The comedy festival running Thursday through Sunday in Los Angeles’ Little Tokyo neighborhood is an Asian American comedy festival, with a bill of more than 100 comics of Asian descent. But you wouldn’t know it from the name of the event: the Comedy Comedy Festival.
Putting some element of racial identity in the title of the event was out of the question for festival organizers, who felt a label — and all the perceptions that come with it — was unnecessary and limiting on the their brand of funny.
“We wanted to give our festival the most universal sounding and generic name as possible because we wanted to simply center our experience without having to call it the Asian American Comedy Festival,” co-organizer Jenny Yang said. “Because we’re tired of being ‘others.’”
Richard Linklater called his 2014 Oscar-nominated film “Boyhood,” not “White Boy From Texas Boyhood.” So why, she asked, can’t Comedy Comedy organizers claim a similarly “universal” name?
Yang, who was born in Taiwan, recalled being singled out at one show where a comedian cracked jokes about fortune cookies and having sex with Asian women. And then there was Chris Rock, who as host of this year’s Oscars ceremony brought three Asian children to the stage as accountants from PricewaterhouseCoopers.
“If you’ve ever felt uncomfortable being singled out at a mainstream comedy club, perhaps you come to our show and you’ll feel less anxiety,” Yang said. “We’re not going to guarantee that we’re not going to offend you. Honestly, we don’t know, but …”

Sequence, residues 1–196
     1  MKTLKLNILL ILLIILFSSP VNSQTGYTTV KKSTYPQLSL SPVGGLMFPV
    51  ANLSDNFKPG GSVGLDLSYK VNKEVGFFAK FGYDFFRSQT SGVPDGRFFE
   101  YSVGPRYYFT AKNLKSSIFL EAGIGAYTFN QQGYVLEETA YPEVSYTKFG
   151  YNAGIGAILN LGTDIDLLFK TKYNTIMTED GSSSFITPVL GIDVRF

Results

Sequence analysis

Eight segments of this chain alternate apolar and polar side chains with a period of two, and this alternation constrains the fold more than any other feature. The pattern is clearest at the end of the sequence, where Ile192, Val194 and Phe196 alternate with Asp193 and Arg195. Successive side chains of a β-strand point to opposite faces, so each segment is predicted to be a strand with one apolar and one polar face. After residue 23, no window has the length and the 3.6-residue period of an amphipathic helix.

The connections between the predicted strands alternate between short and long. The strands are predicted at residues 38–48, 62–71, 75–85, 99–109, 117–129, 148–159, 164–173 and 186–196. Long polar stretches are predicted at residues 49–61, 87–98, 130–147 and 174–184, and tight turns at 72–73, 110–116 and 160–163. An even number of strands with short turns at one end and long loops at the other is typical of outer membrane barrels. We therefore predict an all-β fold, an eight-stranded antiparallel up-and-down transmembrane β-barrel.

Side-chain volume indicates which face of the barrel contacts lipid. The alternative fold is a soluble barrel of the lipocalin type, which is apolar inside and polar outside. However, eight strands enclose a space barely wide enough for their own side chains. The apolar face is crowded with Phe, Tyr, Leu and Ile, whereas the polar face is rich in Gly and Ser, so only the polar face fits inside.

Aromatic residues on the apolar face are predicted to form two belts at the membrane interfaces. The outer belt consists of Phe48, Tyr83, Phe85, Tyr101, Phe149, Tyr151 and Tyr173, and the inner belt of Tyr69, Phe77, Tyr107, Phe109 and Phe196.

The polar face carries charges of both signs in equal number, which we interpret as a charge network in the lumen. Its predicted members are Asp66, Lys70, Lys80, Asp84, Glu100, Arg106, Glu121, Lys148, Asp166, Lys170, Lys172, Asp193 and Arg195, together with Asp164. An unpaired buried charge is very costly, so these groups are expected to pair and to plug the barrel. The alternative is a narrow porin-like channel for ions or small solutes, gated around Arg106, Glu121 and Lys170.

D’Lo, one of the co-organizers, interjected: “This is a comedy show that you want to come to. You’re not only going to laugh, but you’re going to think a little bit.”
The Comedy Comedy Festival, now in its second year, is a four-day gathering of Asian American creatives — comics, actors, writers and Youtubers who fill the rosters of about 15 shows. The likes of “Fresh Off the Boat” star Randall Park and “Meet the Patels” director and actor Ravi Patel will be paired with lesser-known talents such as “Daily Beast” reporter Jen Yamato and the India-born, Bangkok-raised comedian Siouxnanda.
The event is spearheaded by Yang, D’Lo and Atsuko Okatsuka, leaders of the group Disoriented Comedy. (The name also doubles as “the first-ever [mostly] female Asian American stand-up comedy tour,” which travels the country.) Their goal with Comedy Comedy, as with their troupe, is to define and redefine: comedy, Asian American identity and, eventually, Hollywood.
“I’d like to think that our brand of comedy is a kind where we have social conscience,” Yang said.
Rather than make fun of people who are different, she said, “we care about social justice issues.” If a comedian is going to make a joke about Asian people, at least let that comedian be Asian, she said.
“If we’re going to make fun of people like us, let us do it,” she said. “You get tired of being other people’s punchline.”